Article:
After 1M-1N-2C, responder rebids 2M with no game interest
and 2D with GF values opposite the strong hand.
Rest is built easily from here with jump rebids being better than
minimum but less than what a 2C rebid would promise.
Logic is simple, no need for huge amounts of memory work.
If you play 1M-1N as semiforcing then the continuations are easy
If 1M-1N has to be forcing then a bid promising a minor needs
to promise only 3 and it gets a little untidy.
I play a simple form of Gazilli with my partner. I think the
convention is very useful for several reasons. One is that we respond
rather light. The only two tricky situation to remember is I think:
* 1M - 1N - 2C - 2D; now 2 of the other major shows a 5 - 4 hand and
responder has to ask for the 2nd suit. The rest seems rather
straightforward and natural.
* 1M - 1N - 2N showing 6M 4m.
Otherwise the structure seems simple:
1M - 1N -> bid 2C with weak or strong hands unsuitable for anything
1M - 1N - 2C -> bid 2D with 8+ hands, describe your hand as good as
possible with 5 - 7 hands.
1M - 1N - 2C - 2D -> bid 2M with the weak variation, describe with
the strong variation.
Of course if you write it all down it seems complex, but if you
UNDERSTAND it rather than just learn it by heart, it's not so tough.
Congratulations (and I'm surprised anyone could make any sense of
Providing that one can hook up with a partner who is as serious as
oneself, and play regularly for a number of years -- a matter of both
intention AND luck -- one can always develop detailed
agreements--and I've noticed that the details become easier to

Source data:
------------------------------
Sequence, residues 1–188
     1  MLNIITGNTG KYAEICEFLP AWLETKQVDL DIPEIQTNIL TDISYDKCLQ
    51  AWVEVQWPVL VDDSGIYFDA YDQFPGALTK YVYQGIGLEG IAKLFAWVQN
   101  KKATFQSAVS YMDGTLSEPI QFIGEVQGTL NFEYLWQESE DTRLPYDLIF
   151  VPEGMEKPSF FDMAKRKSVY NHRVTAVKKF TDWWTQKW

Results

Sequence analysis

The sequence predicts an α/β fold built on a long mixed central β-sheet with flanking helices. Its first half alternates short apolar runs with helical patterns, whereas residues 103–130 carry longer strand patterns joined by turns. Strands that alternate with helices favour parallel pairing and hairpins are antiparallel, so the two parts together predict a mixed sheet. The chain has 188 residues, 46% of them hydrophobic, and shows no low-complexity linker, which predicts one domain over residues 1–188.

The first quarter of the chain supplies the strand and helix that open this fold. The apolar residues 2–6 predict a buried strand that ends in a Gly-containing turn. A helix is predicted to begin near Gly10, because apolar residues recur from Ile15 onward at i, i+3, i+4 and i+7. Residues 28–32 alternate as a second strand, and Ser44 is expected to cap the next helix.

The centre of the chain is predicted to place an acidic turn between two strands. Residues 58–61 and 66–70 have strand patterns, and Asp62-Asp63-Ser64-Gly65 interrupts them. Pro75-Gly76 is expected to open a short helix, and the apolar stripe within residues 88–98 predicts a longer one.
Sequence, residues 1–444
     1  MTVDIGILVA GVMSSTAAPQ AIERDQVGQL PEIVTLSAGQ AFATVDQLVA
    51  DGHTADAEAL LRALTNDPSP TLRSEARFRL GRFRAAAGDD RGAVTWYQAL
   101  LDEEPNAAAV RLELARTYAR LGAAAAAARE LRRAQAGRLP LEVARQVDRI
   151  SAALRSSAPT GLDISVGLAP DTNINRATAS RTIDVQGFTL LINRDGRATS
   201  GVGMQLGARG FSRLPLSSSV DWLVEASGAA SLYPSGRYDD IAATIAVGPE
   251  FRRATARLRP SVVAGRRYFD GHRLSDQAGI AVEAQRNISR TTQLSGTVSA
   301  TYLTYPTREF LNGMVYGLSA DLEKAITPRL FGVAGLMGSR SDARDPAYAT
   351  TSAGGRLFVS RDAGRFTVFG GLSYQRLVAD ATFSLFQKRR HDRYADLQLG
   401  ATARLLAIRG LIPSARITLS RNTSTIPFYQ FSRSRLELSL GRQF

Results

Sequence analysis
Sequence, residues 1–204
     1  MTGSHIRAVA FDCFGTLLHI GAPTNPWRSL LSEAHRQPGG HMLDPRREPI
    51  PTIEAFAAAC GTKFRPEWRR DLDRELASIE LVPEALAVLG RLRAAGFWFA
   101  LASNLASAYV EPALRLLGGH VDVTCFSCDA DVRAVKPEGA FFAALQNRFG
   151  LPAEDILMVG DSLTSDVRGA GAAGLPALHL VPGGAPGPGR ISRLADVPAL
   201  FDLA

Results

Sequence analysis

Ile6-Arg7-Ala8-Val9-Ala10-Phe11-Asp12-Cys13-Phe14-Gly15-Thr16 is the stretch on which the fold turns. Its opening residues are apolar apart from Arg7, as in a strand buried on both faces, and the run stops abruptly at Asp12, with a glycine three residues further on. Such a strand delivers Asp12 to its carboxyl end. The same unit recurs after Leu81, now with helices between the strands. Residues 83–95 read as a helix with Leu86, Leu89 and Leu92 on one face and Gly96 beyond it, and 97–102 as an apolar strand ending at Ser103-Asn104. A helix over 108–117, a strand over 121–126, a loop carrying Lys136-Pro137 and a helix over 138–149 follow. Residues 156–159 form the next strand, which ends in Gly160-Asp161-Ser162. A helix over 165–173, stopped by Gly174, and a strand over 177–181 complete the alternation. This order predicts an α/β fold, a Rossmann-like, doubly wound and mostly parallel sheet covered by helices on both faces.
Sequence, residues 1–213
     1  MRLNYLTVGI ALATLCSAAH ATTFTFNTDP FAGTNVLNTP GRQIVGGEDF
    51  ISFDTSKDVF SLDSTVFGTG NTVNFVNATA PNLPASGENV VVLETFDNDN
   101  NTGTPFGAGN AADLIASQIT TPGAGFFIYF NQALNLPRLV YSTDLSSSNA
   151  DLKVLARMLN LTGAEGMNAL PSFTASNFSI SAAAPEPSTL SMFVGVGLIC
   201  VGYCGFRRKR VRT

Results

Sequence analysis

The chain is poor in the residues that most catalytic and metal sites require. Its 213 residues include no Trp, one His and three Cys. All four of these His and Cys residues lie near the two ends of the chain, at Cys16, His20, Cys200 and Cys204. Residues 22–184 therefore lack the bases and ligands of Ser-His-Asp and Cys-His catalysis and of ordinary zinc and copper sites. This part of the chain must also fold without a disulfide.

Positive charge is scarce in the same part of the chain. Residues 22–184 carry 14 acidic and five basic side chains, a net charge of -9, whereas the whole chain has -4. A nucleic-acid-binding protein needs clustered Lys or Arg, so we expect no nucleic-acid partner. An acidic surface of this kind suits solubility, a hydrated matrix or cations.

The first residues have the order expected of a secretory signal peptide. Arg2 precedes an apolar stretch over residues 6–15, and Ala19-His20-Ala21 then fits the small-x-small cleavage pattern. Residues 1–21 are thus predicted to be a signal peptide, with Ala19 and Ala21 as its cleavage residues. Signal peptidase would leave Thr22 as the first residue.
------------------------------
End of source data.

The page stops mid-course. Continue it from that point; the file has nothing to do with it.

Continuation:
incorporate as context thickens. However, no matter who I'm playing
with, our p'ship is NOT a practiced one, but, if I'm lucky, nearly
always a competent one in which We can agree to play more complicated
system modules with minimal rehearsal. So, my goal is to maximize the
balance between articulation and fewer brain farts (of the kind that
regularly give Us top boards against the practiced, high-level
competitors [yes, even in Colorado] whose notes run that long and
But, no matter: I am interested in your meaning when you wrote "if
you read your post carefully, you will note that there are many meta
agreements that make learning this a doddle." Which post and which
meta agreements and what's a "doddle"?
A lot would depend on what is your usual opposition. If your usual
tournament field is not particularly strong why do you need it? Also,
why create more possibilities that your side might either forget or
misjudge using the convention?
Which is kindof my point: After looking at this version (the one I tried to
post), it seemed that it broke out the hand types in awkward ways not
particularly related to the hand types one wants to emphasize. So I guess
the message, in some way referenced by several posters, is to devise my own
version to accomplish the goals I believe to be important....
I am amazed at how many people think Gazzilli is such a great
convention without knowing the both the downside and the upside of the
convention. I'd start with a simple downside that: You can't stop in
2D if responder is weak
2/1's downside is the difficulty in getting to the right partial. To
add an artifical convention that makes it even harder to find the
right partial makes little sense to me.
If I weren't playing a strong club system, I would want to use
something like Gazilli in an IMPs match where the right game is so
important. In MPs, the ability to manoever less adeptly would be an
extra cost that I might not be willing to pay.